Taal survivor shares how they survived 2020
Volcanic eruption. COVID-19. Five-feet high mud flood. A survivor recalls these series of tragedies that befell her hometown of Batangas last year.
In January 2020, Taal Volcano erupted after being dormant for 43 years. Its last major eruption was said to be in 1977. Midona, her husband, Edward, and their six children were living just 6 kilometers from the volcano.
“My neighbors were shouting that Taal Volcano was erupting. I remember hearing a loud sound, like a huge rock crumbling beneath us. I knew then that Taal Volcano was really erupting. We immediately ran out of the house with nothing but a few clothes in a bag,” Midona recalls.
She and her family, along with their neighbors ran to a higher ground where everyone can still see the erupting volcano. “I remember the heightened confusion around the time of the explosion. We didn’t know what to do and where to go. Children were crying, including my youngest child. Our eyes were in pain because of the ashes. The smell of sulfur was sickening. I wanted to cry but I had to be strong for my children,” Midona says.
Affected families lived in evacuation centers for almost three months before they were allowed to return to their home. Midona’s family were among the last few who returned due to the magnitude of devastation the volcanic eruption had caused to their village. Being close to the volcano, their village was entirely covered with ashes.
“I was shocked to see our house. I couldn’t move. I cried seeing our house after several months.” Thick ashes reduced Midona’s house to the ground.
Just as Midona’s family was recovering from the aftermath of Taal Volcano eruption, another disaster hit: COVID-19. The Philippine government implemented a strict lockdown to several communities to avoid the spread of the virus. For weeks, no businesses were open and no one was allowed to go out, except those selling and working on basic necessities such as food.
“COVID-19 had a big effect on our family. My children’s education was disrupted. I never got the chance to go up the stage to congratulate my children from finishing their school year. Weeks of lockdown were quite stressful because there was nothing to do and nowhere to go.”
As if volcanic eruption and a health pandemic were not enough, Midona’s town was ravaged by rushing mud-like floodwater, which the residents said was the first time to happen in their town. Though Midona’s house was spared, she saw how her surrounding was turned into a lake of brownish water that reached nearly 5 feet.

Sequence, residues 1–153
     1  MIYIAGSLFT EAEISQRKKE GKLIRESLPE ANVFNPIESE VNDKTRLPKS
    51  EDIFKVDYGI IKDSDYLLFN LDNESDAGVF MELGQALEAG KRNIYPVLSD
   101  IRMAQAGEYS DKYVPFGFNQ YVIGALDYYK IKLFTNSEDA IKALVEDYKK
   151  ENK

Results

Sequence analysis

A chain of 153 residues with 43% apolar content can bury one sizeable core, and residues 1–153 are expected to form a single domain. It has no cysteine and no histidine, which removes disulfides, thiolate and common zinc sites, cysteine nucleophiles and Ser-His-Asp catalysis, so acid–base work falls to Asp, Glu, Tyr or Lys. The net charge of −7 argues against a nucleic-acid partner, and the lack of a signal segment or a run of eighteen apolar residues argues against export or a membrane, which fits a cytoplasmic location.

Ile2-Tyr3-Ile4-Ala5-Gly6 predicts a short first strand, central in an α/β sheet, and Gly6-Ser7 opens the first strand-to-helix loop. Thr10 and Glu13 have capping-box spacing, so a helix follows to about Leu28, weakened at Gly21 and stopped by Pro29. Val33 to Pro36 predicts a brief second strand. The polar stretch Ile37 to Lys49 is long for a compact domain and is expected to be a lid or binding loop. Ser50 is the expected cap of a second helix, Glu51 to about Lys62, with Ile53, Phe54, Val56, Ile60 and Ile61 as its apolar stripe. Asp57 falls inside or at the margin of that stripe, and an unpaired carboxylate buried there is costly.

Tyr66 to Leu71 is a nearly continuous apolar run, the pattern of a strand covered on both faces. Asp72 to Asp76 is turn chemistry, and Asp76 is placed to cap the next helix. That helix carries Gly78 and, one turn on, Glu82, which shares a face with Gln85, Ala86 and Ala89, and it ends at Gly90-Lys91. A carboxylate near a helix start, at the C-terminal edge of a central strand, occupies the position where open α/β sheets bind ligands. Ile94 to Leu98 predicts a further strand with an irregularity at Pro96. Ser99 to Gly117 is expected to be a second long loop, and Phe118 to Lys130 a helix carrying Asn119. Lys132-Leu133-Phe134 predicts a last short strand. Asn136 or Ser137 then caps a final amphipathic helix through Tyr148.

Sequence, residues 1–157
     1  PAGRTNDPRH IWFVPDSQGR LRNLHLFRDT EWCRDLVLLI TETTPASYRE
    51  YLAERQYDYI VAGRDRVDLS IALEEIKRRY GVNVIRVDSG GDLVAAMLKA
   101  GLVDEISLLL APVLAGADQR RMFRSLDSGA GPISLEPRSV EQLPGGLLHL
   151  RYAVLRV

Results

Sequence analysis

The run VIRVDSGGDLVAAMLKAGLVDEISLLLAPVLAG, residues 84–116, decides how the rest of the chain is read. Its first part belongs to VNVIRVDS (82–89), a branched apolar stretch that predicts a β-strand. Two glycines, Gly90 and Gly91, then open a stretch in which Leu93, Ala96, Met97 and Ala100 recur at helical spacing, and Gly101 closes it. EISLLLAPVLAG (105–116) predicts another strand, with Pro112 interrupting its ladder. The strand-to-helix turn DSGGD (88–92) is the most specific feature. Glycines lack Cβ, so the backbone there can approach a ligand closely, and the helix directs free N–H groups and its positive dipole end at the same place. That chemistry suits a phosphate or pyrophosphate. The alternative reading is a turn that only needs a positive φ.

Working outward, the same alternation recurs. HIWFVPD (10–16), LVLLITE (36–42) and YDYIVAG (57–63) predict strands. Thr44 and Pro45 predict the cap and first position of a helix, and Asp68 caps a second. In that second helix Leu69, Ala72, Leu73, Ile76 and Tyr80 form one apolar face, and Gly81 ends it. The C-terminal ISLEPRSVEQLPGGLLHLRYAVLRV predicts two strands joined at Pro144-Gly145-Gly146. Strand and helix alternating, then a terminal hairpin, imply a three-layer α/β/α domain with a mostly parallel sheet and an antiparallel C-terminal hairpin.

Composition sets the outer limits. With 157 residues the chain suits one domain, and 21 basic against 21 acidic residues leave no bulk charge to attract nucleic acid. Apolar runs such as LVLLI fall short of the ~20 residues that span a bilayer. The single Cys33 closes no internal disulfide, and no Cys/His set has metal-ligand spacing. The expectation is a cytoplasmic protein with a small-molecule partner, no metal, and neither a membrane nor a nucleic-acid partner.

A few weeks after the flood subsided, World Vision provided cash assistance to families in Midona’s village so they can immediately repair their houses, affected either by flood or ashes. Prior to this, days after Taal Volcano erupted, World Vision also assisted families through cash for work and distribution of relief items
Like most people, Midona thought that 2020 wasn’t a good year. So, how did Midona’s family survived 2020?
The most important thing, she said, is to rely on God. “You have to trust and be at peace with Him.” A strong relationship with God makes every problem more bearable, she advises.
Second, she says, “Do activities that are fun and relaxing like planting. If you have a large space or lot, plant, especially now that the prices of basic goods are expensive.
Lastly, keep the love within the family. “Misunderstanding among family members will not help in difficult times. Even if you have money, if there is misunderstanding in the family, coping with life’s challenges will prove difficult. My family is poor but we are thriving because we have each other.”
Today, Midona’s small fishing town is gradually recovering from what happened to them. Fishing in Taal Lake, a major source of income for most families, has returned. Houses and schools are being repaired. Green shrubs and trees are now growing on the hills that used to be gray because of thick ashes. Children can now be seen playing within their yards.